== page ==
Jennifer E. Potter, MD
Requests for Single Reprints: Jennifer E. Potter, MD, Beth Israel Deaconess Medical Center, Harvard Medical School, 330 Brookline Avenue, Boston, MA 02215; e-mail, firstname.lastname@example.org.
Potter J.; Do Ask, Do Tell. Ann Intern Med. 2002;137:341-343. doi: 10.7326/0003-4819-137-5_Part_1-200209030-00010
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Published: Ann Intern Med. 2002;137(5_Part_1):341-343.
I juggle many hats in my life: mother, partner, doctor, and educator. Like all my female colleagues, my experiences as a daughter, sister, patient, and student have influenced my approach to each of these roles. But I am also lesbian, and this fact has shaped my life profoundly. It underlies my decision to become a primary care doctor; select women's health as an area of clinical expertise; and commit myself especially to improving the lives of lesbians, gay men, and people from other minority groups.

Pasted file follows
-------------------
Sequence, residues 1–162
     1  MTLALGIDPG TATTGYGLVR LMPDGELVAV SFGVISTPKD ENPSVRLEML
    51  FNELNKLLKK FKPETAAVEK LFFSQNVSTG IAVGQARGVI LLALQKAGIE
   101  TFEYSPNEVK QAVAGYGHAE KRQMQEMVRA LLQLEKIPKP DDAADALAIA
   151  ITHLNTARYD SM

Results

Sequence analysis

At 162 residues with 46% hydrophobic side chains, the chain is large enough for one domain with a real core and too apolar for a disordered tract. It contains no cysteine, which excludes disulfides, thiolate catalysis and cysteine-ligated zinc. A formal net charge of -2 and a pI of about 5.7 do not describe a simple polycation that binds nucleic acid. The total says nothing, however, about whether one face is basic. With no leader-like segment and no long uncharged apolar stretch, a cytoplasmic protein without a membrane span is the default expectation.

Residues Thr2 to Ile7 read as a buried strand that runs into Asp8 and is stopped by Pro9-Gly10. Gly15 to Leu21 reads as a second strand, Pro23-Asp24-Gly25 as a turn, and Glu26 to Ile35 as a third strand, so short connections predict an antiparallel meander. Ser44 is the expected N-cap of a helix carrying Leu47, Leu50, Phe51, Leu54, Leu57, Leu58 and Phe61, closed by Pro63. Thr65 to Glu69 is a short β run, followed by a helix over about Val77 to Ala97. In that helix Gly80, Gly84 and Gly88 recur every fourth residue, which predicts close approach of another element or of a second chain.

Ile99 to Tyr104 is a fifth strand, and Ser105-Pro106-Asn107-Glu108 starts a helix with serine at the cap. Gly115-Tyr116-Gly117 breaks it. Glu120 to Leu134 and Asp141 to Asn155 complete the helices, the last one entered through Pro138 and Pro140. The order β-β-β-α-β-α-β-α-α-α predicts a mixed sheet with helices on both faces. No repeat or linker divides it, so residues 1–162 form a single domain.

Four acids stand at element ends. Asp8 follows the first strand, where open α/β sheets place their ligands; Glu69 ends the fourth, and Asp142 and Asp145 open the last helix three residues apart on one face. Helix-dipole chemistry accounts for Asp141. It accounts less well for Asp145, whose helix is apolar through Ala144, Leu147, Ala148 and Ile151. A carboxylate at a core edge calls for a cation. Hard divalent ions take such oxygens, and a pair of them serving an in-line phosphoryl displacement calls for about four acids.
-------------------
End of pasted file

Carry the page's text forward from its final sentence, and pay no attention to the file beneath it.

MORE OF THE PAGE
It is a challenge to be lesbian in our society. People assume that a young woman is straight, will marry, can get pregnant if she is sexually active, and will have children. This progression is “normal.” Anything else is different and may be perceived as abnormal, wrong, or bad. Historical and continuing records of harassment, assaults, and homicides against lesbians and gay men abound. The medical profession itself has viewed homosexuality as a disorder; aversion techniques, hormone administration, shock treatment, castration, and even lobotomy have been used as purported “treatments” (1). I feel fortunate that I have never been the target of clearly overt actions because of my sexual orientation.
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Print ISSN: 0003-4819 | Online ISSN: 1539-3704
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